Sunday, July 11, 2010

Foreigners' Questions about Japan (1) What do you think is the most misunderstood aspect of modern Japan?

Male chauvinism. When I told westerners that my wife was housewife, some of them thought that I forced my wife to quit her work. It wasn't true, quitting her job depended on her own will and a condition (our new house was far from her office.) I admit that male chauvinism still remain in Japan, in particular many elderly people and some younger people. But times are changing. Japan is behind western people about gender equality, however, it's getting to improve.

Saturday, July 03, 2010

A trip to meet two heroes for Japanese (2)

My family and I parted in the meantime. I went to Kouchi city to see a exhibition and museum of Ryoma Sakamoto, who is a hero among many Japanese.

He was a swordmaster, an entrepreneur, and a peacemaker in the last part of the Samurai era (1860s). Japanese think that he is one of the most important people of Japanese modernization.

What did he do? The Sakamoto Ryoma Memorial Museum said as follows:
In short, Ryoma was a man who triggered the collapse of Shogun's feudal government. In the 1860s, the government had no power to refuse western nations' requests (for example, trading on unequal treaty) and lost power to control regional feudal lords. Some people thought that the government couldn't defend Japan from western nations, and therefore supported the overthrow the government and establishment of a new unified nation under the Emperor. He was one of those man.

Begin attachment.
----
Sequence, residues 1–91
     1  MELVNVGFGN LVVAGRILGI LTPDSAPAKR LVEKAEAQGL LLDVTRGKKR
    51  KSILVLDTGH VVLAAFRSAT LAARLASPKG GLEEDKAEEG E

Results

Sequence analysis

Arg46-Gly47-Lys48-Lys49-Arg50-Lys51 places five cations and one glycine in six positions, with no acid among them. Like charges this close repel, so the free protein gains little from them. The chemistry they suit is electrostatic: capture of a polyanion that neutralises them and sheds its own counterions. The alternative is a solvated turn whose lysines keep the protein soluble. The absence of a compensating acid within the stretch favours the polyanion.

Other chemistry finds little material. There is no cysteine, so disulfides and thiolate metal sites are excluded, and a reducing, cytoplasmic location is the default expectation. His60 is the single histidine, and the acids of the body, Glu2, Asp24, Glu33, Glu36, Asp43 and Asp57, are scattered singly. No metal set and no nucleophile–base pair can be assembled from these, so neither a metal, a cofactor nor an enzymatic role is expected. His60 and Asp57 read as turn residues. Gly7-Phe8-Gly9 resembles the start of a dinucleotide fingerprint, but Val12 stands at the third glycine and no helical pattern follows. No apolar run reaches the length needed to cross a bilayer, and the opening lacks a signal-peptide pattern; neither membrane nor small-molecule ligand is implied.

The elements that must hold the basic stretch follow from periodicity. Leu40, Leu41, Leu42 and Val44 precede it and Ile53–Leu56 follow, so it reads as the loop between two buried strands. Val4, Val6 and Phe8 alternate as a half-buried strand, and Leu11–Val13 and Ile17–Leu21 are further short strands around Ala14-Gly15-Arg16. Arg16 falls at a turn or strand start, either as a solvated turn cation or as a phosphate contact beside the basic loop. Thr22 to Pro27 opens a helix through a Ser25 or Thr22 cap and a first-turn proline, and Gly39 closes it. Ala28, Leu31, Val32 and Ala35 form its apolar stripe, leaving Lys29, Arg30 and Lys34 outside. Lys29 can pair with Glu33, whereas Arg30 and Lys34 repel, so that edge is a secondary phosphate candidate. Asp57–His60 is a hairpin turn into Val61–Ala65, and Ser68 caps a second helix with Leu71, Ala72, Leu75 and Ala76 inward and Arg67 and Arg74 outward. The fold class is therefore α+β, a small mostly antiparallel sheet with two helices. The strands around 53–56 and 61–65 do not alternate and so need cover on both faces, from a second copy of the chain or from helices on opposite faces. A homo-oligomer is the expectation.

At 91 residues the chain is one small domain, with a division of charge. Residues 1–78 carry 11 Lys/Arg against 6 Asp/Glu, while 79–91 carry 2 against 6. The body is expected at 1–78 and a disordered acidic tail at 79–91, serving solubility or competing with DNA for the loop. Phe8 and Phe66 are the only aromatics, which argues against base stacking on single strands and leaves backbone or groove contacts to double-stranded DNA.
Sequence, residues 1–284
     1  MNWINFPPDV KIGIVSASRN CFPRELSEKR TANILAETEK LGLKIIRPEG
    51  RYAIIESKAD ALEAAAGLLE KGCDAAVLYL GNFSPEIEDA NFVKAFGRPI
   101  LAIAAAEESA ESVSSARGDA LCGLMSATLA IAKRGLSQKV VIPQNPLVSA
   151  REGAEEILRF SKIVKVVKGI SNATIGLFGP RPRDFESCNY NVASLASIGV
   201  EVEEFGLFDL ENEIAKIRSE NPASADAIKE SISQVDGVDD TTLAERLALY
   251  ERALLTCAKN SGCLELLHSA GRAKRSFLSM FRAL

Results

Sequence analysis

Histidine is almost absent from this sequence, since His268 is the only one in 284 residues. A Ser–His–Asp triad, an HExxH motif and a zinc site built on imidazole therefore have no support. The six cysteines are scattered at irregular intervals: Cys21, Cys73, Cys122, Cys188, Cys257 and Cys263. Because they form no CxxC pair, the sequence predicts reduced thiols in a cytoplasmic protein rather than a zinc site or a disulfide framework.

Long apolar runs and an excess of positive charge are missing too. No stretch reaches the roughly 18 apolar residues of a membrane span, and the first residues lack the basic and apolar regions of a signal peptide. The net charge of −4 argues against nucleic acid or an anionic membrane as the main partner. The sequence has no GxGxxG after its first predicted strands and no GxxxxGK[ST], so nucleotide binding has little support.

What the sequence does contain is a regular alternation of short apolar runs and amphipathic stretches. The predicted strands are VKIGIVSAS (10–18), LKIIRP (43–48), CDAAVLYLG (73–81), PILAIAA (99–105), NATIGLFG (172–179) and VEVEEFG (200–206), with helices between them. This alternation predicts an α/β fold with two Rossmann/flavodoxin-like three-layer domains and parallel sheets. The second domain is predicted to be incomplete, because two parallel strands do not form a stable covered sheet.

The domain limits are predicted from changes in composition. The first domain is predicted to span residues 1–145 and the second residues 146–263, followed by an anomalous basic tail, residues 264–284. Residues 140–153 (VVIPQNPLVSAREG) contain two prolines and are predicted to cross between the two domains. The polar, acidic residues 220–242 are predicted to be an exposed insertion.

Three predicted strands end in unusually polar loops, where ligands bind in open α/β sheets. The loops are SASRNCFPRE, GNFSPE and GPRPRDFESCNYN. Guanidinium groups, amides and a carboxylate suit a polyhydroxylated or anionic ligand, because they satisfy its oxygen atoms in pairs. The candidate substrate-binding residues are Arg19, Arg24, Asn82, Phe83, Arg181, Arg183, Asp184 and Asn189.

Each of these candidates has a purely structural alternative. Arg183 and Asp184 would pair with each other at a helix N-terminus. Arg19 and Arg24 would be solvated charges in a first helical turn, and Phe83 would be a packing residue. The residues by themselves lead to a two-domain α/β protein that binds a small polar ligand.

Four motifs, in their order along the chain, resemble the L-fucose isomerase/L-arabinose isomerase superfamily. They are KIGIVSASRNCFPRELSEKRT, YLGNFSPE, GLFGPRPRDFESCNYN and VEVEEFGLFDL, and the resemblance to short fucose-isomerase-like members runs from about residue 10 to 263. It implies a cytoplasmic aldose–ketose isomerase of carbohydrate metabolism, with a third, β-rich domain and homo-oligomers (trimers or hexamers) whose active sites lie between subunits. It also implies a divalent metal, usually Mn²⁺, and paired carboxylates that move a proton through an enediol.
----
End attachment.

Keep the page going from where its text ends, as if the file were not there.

Ryoma succeeded to make partnership between two powerful feudal groups even though they were opposing. Both groups thought to overthrow the government by force, but Ryoma thought to avoid civil war. So he proposed to a lord a plan in which the government returned political power to the Emperor. The lord proposed the plan and the government accepted it. In addition, Ryoma wrote the way of new government: establishing the parliament, new law system and modern navy, trading other nations on equal treaty (the old government shut down trade with any nations except China, Korea and the Netherlands for over 200 years.), etc.

His action and plans affected new Japanese modern government strongly. He was assassinated by an unknown person in December of 1867. The new government was established in 1868.

He is very popular among Japanese of all ages, especially this year. Because one of the most popular TV drama series this year picks up Ryoma as a main character. So there is a temporary exhibition displayed in front of Kouchi station.

Right: Ryoma. Left: Iwasaki, the founder of Mitsubishi. Iwasaki was a friend of Ryoma. Both of two were born in this prefecture, lower-class samurai. In particular, Iwasaki was very poor.

The Sakamoto Ryoma Memorial Museum. It exhibits Ryoma's career, background and his letters.

My opinion about Ryoma is simple: If he didn't exist, there is a possibility that Japan would have failed to modernize peacefully, otherwise terrorism could have happened. Like many other Japanese, I also think he was great.